Let's look at these in pieces:
In a READ ONLY transaction, could you not just omit the transaction entirely and have no real difference in behaviour?
In the event of a single query against a database, you do not need to wrap the statement in a
COMMIT block. If this is operating inside a stored procedure with multiple long-running queries where
READ COMMITTED is not the default isolation level for a database, then a
COMMIT can ensure the data being queried remains in a consistent state so that queries at the end of the operation do not conflict with the initial queries that may have been used to populate temporary tables.
You can't use SELECT ... FOR UPDATE in a read-only transaction ...
Correct, as this is illogical. If one is simply reading data, there is no
UPDATE required. Using this as a means to lock records at a row-level for read operations would make no sense.
... but you can use LOCK [TABLE], which would last until unlocked or the transaction ends. So there's one difference.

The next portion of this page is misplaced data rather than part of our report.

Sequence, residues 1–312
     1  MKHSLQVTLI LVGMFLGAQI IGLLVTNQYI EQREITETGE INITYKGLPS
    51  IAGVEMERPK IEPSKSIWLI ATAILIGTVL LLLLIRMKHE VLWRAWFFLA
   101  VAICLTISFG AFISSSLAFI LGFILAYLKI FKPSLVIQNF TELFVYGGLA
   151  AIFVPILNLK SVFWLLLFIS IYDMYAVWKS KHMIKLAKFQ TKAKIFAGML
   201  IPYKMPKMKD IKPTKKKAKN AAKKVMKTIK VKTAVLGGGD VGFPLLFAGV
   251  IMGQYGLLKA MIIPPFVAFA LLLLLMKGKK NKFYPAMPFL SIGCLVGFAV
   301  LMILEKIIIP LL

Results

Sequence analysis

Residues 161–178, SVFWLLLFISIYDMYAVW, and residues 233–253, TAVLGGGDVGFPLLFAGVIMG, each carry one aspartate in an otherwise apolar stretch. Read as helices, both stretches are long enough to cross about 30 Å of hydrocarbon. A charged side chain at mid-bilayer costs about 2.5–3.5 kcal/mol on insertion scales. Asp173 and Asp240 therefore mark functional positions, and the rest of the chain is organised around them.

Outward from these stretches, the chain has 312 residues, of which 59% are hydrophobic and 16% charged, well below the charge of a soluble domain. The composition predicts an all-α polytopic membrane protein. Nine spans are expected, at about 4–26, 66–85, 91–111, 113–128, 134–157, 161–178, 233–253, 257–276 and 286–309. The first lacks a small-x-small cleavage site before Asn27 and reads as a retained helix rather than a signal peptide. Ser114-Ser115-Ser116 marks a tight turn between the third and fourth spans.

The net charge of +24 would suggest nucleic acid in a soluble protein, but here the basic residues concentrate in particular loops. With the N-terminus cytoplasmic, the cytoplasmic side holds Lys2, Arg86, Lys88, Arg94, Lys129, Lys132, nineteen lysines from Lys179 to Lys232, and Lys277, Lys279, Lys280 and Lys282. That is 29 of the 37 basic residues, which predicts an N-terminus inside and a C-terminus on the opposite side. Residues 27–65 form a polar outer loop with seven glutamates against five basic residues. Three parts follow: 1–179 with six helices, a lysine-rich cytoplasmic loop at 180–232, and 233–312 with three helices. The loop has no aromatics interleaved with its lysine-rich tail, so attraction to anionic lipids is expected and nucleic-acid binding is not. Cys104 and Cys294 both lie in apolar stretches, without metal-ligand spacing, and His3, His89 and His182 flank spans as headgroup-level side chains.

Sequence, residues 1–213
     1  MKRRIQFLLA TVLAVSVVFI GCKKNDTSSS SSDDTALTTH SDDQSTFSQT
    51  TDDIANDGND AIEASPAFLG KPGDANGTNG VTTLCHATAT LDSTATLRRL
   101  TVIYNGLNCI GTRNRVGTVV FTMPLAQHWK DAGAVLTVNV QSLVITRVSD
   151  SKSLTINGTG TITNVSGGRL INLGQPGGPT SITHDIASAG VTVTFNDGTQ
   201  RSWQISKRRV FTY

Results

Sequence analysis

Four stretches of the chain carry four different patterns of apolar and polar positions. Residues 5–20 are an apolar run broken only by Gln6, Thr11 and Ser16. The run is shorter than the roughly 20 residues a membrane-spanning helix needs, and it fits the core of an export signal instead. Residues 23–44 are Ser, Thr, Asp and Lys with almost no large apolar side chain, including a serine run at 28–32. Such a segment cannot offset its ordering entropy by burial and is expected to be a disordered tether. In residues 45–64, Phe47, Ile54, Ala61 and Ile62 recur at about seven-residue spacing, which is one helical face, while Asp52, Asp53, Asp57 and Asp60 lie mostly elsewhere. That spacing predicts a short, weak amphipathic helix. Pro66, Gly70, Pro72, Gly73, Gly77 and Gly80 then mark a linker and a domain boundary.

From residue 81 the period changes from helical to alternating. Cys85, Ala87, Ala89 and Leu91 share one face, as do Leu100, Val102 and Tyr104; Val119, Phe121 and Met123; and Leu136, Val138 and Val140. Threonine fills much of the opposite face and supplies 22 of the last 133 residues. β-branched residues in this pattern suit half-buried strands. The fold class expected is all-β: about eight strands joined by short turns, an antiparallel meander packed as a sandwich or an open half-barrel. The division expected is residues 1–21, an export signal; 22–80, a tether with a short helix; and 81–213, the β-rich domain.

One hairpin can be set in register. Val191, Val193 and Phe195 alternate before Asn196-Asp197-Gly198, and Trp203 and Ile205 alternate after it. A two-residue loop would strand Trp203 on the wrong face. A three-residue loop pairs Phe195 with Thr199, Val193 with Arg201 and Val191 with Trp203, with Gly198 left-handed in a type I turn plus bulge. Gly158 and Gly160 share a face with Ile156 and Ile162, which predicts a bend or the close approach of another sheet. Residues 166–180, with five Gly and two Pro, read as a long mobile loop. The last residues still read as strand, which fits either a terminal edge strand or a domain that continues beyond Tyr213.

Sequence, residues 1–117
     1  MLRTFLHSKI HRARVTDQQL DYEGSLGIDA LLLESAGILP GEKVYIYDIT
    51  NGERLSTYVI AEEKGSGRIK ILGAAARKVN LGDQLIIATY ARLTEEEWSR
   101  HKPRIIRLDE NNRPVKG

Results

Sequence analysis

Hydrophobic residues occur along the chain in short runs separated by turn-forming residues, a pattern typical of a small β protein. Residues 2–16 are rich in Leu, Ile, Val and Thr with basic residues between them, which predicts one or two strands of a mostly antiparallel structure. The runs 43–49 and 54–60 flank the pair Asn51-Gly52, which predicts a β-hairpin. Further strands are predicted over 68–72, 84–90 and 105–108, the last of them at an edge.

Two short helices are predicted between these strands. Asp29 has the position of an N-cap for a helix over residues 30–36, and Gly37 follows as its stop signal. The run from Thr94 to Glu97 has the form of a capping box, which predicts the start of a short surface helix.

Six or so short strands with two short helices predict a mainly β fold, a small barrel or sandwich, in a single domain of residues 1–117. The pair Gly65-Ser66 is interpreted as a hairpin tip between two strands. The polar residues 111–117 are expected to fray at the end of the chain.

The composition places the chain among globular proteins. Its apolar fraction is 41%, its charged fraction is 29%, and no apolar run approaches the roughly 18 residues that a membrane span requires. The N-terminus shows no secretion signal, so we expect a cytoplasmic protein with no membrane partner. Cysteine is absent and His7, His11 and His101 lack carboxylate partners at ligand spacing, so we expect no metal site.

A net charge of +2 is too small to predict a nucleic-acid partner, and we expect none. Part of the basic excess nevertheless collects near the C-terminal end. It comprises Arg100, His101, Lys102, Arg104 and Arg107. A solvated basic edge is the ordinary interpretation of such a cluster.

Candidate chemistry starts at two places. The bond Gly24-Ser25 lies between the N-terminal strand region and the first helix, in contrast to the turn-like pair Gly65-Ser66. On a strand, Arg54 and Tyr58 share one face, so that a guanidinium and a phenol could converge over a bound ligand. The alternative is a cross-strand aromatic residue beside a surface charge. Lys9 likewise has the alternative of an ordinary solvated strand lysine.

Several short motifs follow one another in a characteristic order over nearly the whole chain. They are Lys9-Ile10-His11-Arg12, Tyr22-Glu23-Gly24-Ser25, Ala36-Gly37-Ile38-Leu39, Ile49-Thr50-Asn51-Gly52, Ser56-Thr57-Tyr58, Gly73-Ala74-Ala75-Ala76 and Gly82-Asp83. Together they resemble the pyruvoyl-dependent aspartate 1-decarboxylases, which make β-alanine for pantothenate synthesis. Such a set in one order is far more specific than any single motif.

As stated in the above answer,
SELECT ... FOR UPDATE locks specific rows in a table. Using
LOCK [TABLE] locks every row in the table.
Are there other differences?
There are several types of locks, each with their own set of use cases. As an overzealous use of locks can result in a great deal of contention within a database, seriously affecting system performance for the people using the system, it may be a good idea to review the official documentation to understand the differences and — more importantly — when certain types of locks may be necessary.
Speaking from experience, read-only activities rarely need any form of locking. Only in very specific situations does it make sense. Write operations for most user-created data should be wrapped in a transaction to ensure that an error does not result in orphaned records. Table locking is used only during very specific accounting-related operations. Your use case may wildly differ, so take this last bit with a grain of salt.